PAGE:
Search Images Maps Play YouTube News Gmail Drive More »
Sign in
Screen reader users: click this link for accessible mode. Accessible mode has the same essential features but works better with your reader.

Patents

  1. Advanced Patent Search
Publication numberUS4284514 A
Publication typeGrant
Application numberUS 06/105,712
Publication dateAug 18, 1981
Filing dateDec 20, 1979
Priority dateDec 29, 1978
Also published asCA1127376A1, DE2969760D1, EP0013822A2, EP0013822A3, EP0013822B1
Publication number06105712, 105712, US 4284514 A, US 4284514A, US-A-4284514, US4284514 A, US4284514A
InventorsDavid R. Wright
Original AssigneeStablex A.G.
Export CitationBiBTeX, EndNote, RefMan
External Links: USPTO, USPTO Assignment, Espacenet
Treatment of hazardous waste
US 4284514 A
Abstract
In a process for pretreating hazardous waste prior to solidification the waste is received in containers (10). The containers are deposited in a large vessel containing a chemical pretreatment media (9) and subjected to an agitating process in the vessel whereby the containers are ruptured and their contents deposited in the media. Neutralization, precipitation and chemical modification processes are envisaged in the container. After pretreatment the liquid is removed for ultimate solidification.
Images(1)
Previous page
Next page
Claims(13)
I claim:
1. A process for pretreating hazardous waste received in containers at a waste disposal plant prior to solidification, such method comprising placing the containers unopened in a vessel containing a liquid pretreatment media which neutralizes, precipitates or chemically modifies said hazardous waste, submitting the containers in the vessel to an agitating process which ruptures the containers thereby depositing the hazardous waste into the vessel to be acted upon by the pretreatment media thoroughly mixing said hazardous waste and pretreatment media to form a treated liquid and reduce said containers to particles, and removing said treated liquid from said vessel for solidification.
2. A method as claimed in claim 1 wherein the agitating process is carried out in the vessel by members depending from arms rotatably driven by an upstanding shaft in the central part of the receptacle.
3. A method as claimed in claim 1 or 2 wherein the pretreatment media is a neutralising media.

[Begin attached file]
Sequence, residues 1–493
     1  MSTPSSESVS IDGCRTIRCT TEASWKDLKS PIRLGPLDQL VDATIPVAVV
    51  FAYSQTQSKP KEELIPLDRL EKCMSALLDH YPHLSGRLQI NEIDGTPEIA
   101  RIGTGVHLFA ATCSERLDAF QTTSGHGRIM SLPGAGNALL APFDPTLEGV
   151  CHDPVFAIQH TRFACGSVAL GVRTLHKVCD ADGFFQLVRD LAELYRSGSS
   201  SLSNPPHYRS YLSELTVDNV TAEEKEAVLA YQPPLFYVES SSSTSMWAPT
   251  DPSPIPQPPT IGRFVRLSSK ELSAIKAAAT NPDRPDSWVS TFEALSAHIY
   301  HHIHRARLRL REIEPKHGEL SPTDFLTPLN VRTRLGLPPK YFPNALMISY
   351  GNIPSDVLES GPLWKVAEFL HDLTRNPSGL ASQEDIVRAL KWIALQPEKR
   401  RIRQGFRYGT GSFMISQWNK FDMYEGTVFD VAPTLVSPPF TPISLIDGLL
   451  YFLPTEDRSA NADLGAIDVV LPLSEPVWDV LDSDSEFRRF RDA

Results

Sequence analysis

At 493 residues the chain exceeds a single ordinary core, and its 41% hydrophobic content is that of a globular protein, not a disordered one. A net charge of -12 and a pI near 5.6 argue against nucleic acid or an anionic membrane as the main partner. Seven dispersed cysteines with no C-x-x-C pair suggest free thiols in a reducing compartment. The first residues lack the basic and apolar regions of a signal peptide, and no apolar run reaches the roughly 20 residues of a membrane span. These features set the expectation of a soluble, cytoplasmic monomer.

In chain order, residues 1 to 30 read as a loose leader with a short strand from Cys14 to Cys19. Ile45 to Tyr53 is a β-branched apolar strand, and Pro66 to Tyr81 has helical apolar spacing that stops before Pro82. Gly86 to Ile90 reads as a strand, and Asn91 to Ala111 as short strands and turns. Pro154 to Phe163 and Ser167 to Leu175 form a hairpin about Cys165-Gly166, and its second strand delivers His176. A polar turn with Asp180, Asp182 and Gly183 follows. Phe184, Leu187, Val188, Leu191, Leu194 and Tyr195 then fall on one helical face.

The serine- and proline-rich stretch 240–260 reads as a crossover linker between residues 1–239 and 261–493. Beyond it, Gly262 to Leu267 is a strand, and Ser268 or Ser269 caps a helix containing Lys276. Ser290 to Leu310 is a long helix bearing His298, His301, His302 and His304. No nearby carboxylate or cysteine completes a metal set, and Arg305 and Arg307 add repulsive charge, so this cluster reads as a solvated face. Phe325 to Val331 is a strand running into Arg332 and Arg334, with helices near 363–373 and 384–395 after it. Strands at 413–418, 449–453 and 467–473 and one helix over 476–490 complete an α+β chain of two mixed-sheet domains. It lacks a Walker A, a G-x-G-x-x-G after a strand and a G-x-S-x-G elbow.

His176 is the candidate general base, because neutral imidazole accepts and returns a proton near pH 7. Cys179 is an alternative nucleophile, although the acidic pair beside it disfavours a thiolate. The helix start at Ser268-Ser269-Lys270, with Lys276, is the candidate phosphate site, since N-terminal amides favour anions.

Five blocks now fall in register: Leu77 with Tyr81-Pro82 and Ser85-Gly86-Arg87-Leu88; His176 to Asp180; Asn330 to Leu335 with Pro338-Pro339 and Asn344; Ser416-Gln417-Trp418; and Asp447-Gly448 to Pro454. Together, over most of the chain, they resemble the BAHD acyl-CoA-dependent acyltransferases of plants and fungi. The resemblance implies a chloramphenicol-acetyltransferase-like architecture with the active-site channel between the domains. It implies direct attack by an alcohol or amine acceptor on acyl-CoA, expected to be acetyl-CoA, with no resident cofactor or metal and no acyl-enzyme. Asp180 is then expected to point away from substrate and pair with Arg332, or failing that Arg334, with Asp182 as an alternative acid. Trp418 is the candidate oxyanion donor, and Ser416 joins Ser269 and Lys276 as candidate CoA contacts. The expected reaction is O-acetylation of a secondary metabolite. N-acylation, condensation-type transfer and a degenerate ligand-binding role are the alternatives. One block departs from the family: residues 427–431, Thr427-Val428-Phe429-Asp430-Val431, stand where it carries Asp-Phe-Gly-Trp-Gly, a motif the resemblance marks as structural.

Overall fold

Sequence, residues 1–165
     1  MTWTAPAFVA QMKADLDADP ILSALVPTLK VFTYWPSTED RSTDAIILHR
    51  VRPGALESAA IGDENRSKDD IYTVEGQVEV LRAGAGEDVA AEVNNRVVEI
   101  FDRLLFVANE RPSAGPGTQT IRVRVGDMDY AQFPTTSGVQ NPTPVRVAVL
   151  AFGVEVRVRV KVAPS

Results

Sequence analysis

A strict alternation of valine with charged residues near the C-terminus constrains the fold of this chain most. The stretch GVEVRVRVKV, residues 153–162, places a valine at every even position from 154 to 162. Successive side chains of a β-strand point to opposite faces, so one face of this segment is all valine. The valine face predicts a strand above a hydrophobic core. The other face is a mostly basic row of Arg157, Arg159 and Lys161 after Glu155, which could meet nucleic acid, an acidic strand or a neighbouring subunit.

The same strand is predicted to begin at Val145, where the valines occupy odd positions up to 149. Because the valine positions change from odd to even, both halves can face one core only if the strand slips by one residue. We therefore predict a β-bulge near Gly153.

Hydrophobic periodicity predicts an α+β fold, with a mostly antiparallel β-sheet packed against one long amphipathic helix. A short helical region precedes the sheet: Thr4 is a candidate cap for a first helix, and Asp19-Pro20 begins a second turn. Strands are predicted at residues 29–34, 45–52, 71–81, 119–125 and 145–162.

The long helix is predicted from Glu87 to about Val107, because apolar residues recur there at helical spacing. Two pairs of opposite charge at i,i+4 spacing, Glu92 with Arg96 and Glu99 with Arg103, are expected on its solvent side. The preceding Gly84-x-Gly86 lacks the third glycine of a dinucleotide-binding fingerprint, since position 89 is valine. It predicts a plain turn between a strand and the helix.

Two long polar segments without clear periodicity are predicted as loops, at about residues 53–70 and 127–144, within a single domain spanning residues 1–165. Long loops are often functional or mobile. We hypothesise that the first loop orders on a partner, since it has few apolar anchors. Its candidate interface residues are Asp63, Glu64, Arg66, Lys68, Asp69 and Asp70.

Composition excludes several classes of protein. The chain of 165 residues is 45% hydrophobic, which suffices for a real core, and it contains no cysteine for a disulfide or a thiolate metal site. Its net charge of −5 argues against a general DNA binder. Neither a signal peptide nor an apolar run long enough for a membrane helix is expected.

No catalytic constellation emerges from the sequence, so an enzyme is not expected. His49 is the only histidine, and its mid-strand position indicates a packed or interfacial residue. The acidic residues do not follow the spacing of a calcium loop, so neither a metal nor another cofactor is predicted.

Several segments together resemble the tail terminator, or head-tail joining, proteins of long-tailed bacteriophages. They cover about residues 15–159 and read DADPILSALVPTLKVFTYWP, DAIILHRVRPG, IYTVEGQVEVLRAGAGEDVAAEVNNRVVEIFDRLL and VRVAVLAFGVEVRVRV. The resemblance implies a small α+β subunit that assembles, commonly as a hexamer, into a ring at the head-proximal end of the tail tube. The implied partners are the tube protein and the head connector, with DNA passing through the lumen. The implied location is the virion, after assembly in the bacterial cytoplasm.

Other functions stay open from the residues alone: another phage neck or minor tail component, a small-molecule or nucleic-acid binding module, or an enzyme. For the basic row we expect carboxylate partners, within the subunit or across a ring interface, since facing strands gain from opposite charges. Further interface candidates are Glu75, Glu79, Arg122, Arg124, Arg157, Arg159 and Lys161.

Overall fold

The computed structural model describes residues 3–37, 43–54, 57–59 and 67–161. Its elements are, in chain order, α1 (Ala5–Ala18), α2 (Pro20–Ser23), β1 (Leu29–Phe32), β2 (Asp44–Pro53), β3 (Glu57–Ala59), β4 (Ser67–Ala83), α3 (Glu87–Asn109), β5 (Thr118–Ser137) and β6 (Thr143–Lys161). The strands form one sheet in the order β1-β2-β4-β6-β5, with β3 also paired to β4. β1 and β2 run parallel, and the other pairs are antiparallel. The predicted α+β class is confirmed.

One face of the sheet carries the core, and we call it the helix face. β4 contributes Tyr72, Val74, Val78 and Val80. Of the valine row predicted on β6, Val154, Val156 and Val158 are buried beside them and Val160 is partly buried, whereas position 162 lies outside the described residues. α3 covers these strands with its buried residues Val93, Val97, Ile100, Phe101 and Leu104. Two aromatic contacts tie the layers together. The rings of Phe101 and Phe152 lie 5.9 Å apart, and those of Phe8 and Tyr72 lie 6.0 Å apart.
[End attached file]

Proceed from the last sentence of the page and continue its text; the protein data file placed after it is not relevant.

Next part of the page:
4. The method of claim 3 wherein at least two pretreatment media are successively added to carry out more than one pretreatment step.
5. A method as claimed in either claim 1 or claim 2 wherein the hazardous waste comprises a soluble hazardous component and the pretreatment media comprises a substance which reacts with the soluble component to precipitate it as an insoluble component.
6. The method of claim 5 wherein at least two pretreatment media are successively added to carry out more than one pretreatment step.
7. A method as claimed in either claim 1 or claim 2 wherein the media comprises a chemically modifying agent and the waste in the containers requires chemical modification prior to solidification.
8. The method of claim 7 wherein at least two pretreatment media are successively added to carry out more than one pretreatment step.
9. A method as claimed in claim 7 wherein the waste contains a cyanide and the media is an oxidising agent to convert the cyanide to a cyanate.
10. The method of claim 9 wherein at least two pretreatment media are successively added to carry out more than one pretreatment step.
11. A method as claimed in claim 1 or 2, wherein at least two pretreatment media are successively added to carry out more than one pretreatment step.
12. A method as claimed in claim 1 or 2 wherein the pretreatment media is, or is derived from, a hazardous waste.
13. In a process for disposing of a hazardous waste material by a solidification process which converts said waste material into a harmless synthetic rock, the improved process for handling closed containers in which the said hazardous waste material is confined while avoiding contact with the hazardous waste material comprising placing the closed containers in a vessel which contains a liquid pretreatment media which neutralizes, precipitates or chemically modifies said hazardous waste material and reduces it hazardous characteristics, agitating the said liquid pretreatment media to move the containers in the liquid pretreatment media and rupture the containers thoroughly mixing said hazardous waste and pretreatment media to form a treated liquid and reduce said containers to particles, and removing said treated liquid from said vessel for solidification.
Description
DESCRIPTION

The present invention is concerned with the reception of hazardous waste at a plant for carrying out detoxifying processes. The detoxification processes with which the present invention are particularly concerned conclude with solidification of the waste. Preferentially the waste, in liquid form, has added to it fly ash or equivalent and Portland cement thereby forming a slurry which sets to a harmless synthetic rock. Such a solidification process forms the subject of British Patent Specification No. 1,485,625.